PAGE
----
All the more impressive is that Stoller doesn't club you over the head with this either. With each passing movie he grows more skilled as a true director of comedy. Not a mere assembler of scenes, but a director. A director makes the hard choices. He knows when to let his talented performers riff, and more importantly, he knows when to judiciously bring the editing blade down. The movie contains a few fantastic examples of actors running with a concept (witness Efron and frat brother Dave Franco's bit on bros vs. hos), but it still runs a tight 96 minutes and damn well means it. Apart from any scholarly examination you or I might bring to the table, this is fundamentally a movie that sprouts from a solid concept, embodies it with distinct characterizations, then honestly follows those characters and that concept as far as they go.

A comedy that decided what it wanted to be and made choices along the way to make that happen.

And by the end, Stoller and his team prove themselves adept at the fine art of having their cake and eating it too. After two acts that take great relish in the joy of watching mischief, an uneasy feeling began a-boiling in my stomach. Stoller and his writers overall did a nice job of adding layers to their characters along the way - Efron fears graduating college and entering a world where he doesn't matter, while Rogen and Byrne worry that becoming a couple who just wants a night of peace with their kid means their youth is effectively killed. All this works nicely as background to the action.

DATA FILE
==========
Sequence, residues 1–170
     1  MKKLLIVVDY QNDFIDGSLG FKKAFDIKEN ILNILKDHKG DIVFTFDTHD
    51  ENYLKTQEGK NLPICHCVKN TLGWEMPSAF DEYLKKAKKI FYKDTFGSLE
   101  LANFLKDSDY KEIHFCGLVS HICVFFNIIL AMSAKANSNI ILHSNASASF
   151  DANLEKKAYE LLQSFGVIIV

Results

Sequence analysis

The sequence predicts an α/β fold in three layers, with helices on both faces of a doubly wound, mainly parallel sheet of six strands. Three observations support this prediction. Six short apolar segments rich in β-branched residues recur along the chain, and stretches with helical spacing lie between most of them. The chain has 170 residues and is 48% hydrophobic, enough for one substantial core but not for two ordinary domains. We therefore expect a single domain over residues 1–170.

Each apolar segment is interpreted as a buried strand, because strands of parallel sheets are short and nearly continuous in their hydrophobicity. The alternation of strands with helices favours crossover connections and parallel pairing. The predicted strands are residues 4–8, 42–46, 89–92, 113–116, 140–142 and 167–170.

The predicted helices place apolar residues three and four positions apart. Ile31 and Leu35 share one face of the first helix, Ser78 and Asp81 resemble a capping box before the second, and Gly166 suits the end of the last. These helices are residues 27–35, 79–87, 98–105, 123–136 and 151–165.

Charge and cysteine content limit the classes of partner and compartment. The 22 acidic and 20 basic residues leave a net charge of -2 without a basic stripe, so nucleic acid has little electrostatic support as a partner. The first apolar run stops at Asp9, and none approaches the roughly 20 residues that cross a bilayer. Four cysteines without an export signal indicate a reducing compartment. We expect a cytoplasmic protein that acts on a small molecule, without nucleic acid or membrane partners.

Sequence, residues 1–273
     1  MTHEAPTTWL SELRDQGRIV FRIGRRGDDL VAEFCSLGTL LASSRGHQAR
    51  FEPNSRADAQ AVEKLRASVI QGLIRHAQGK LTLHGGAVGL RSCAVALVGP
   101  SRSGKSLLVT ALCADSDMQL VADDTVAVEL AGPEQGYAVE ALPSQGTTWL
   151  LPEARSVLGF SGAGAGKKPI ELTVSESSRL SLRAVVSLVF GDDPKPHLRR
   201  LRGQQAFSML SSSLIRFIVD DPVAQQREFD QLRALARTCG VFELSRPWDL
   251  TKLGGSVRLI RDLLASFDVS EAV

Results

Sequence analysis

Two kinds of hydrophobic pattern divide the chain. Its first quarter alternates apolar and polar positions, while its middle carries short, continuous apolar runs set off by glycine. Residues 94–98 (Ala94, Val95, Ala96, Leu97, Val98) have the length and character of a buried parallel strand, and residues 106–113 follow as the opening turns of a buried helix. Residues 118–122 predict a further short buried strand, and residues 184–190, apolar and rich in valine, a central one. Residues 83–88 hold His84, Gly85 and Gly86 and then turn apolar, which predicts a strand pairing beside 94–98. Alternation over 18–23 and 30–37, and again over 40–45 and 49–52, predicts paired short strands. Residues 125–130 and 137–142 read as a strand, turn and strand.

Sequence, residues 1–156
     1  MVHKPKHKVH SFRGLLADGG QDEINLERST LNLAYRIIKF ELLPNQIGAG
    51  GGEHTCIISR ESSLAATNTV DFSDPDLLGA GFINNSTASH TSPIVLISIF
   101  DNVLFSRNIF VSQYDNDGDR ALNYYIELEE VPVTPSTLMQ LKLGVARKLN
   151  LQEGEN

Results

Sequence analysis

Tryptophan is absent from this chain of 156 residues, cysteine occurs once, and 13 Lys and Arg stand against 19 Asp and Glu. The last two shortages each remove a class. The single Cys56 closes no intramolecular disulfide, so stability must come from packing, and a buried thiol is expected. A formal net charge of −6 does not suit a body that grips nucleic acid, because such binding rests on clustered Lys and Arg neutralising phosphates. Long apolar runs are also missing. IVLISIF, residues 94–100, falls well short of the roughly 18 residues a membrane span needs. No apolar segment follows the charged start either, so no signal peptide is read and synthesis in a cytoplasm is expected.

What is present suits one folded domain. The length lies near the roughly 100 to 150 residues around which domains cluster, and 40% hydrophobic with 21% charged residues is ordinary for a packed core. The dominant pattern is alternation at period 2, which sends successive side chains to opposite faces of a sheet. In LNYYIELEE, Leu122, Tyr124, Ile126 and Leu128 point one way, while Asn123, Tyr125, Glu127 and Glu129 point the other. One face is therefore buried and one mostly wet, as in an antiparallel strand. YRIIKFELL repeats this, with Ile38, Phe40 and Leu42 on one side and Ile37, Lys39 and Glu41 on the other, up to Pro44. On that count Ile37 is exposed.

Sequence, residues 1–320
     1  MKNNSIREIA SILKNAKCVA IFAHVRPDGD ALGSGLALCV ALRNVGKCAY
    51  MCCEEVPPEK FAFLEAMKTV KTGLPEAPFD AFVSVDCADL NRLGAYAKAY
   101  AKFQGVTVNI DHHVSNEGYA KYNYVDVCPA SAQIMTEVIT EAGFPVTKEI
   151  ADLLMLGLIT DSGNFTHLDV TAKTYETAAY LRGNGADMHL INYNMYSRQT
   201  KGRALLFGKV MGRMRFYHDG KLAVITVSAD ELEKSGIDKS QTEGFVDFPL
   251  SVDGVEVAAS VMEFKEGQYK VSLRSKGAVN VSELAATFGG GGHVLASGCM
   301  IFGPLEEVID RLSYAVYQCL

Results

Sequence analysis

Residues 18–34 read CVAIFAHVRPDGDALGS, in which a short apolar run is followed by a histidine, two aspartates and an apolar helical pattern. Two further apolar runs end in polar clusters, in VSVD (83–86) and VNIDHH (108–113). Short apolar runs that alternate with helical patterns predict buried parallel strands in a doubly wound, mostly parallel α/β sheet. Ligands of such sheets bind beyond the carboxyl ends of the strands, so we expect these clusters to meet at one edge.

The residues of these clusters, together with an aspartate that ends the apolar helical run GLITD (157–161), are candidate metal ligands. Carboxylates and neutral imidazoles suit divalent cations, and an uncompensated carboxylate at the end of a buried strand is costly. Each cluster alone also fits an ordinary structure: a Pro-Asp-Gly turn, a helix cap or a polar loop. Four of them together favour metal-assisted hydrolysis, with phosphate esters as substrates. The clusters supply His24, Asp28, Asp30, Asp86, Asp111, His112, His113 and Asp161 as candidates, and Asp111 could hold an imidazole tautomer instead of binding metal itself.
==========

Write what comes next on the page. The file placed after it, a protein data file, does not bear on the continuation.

But will NEIGHBORS unfortunately remember that a story requires an end, and then fall into the trap of blatantly Imparting A Lesson? 

What makes NEIGHBORS so impressive is as it arrives at the finish line, it manages to simultaneously hit the gas while leaning on the brakes. The bawdy, lets-have-a-good-time nature of the movie never lets up. If anything, it only escalates. But Stoller ultimately never sides with anyone, and he takes a step back with these characters, by now so well established, and allows us to see things from everyone's point of view.

When Rogen and Byrne finally lie in bed in the end and lovingly coo over such boring things as the smell of freshly ground coffee, it plays not as a joke. NEIGHBORS means it. But when Efron gazes at the extremest of the extreme party he hath wrought as a source of genuine pride and accomplishment, it plays not as a moment of pity. NEIGHBORS means that too. Stoller never actively judges nor supports any one character. Instead he has the temerity to suggest they might both be right, a concept he subtly weaves between the laughs. There's a place for partying, there's a place for adulthood, and they both matter.

One hell of a juggling act, this movie is. It's a high concept comedy that never becomes overwhelmed by the concept. It's a loving embodiment of both the Ramis and Apatow schools of comedy while simultaneously tweaking the formulas in both small and meaningful ways (lets not gloss over the fact that instead of a shrill nag, the lead female is Rogen's equal partner in crime). And it's a movie that will make you cackle to the point of missing lines.

All NEIGHBORS had to do was make us laugh. How nice that it decided to do more.

More later...

2 comments:

Leah Williams said...

I'd dismissed this film after This Is 40 managed to bloat to over 2 hours. I'm glad to hear this film is not only tightly edited, but avoids easy conclusions. Great review.

Will Fonvielle said...

Thanks, Leah!

(I'm the dude who wrote the review, by the way)